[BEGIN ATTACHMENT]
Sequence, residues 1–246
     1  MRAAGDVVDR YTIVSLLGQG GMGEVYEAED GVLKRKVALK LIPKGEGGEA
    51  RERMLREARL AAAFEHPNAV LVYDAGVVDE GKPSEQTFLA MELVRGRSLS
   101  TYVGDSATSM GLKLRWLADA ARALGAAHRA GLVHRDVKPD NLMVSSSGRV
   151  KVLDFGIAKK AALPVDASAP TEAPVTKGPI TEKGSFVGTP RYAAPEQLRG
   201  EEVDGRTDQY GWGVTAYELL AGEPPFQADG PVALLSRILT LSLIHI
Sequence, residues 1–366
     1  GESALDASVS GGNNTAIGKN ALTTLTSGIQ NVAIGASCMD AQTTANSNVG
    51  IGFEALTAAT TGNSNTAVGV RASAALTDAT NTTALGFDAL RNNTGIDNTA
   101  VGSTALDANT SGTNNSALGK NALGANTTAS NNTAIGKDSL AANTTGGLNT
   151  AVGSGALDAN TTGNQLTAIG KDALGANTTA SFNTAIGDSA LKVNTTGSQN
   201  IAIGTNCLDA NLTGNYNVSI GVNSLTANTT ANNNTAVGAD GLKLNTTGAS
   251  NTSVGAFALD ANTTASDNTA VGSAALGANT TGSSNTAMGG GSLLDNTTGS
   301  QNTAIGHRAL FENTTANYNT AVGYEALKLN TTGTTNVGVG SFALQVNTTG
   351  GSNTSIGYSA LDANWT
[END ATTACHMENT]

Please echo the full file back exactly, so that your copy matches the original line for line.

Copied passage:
Sequence, residues 1–246
     1  MRAAGDVVDR YTIVSLLGQG GMGEVYEAED GVLKRKVALK LIPKGEGGEA
    51  RERMLREARL AAAFEHPNAV LVYDAGVVDE GKPSEQTFLA MELVRGRSLS
   101  TYVGDSATSM GLKLRWLADA ARALGAAHRA GLVHRDVKPD NLMVSSSGRV
   151  KVLDFGIAKK AALPVDASAP TEAPVTKGPI TEKGSFVGTP RYAAPEQLRG
   201  EEVDGRTDQY GWGVTAYELL AGEPPFQADG PVALLSRILT LSLIHI
Sequence, residues 1–366
     1  GESALDASVS GGNNTAIGKN ALTTLTSGIQ NVAIGASCMD AQTTANSNVG
    51  IGFEALTAAT TGNSNTAVGV RASAALTDAT NTTALGFDAL RNNTGIDNTA
   101  VGSTALDANT SGTNNSALGK NALGANTTAS NNTAIGKDSL AANTTGGLNT
   151  AVGSGALDAN TTGNQLTAIG KDALGANTTA SFNTAIGDSA LKVNTTGSQN
   201  IAIGTNCLDA NLTGNYNVSI GVNSLTANTT ANNNTAVGAD GLKLNTTGAS
   251  NTSVGAFALD ANTTASDNTA VGSAALGANT TGSSNTAMGG GSLLDNTTGS
   301  QNTAIGHRAL FENTTANYNT AVGYEALKLN TTGTTNVGVG SFALQVNTTG
   351  GSNTSIGYSA LDANWT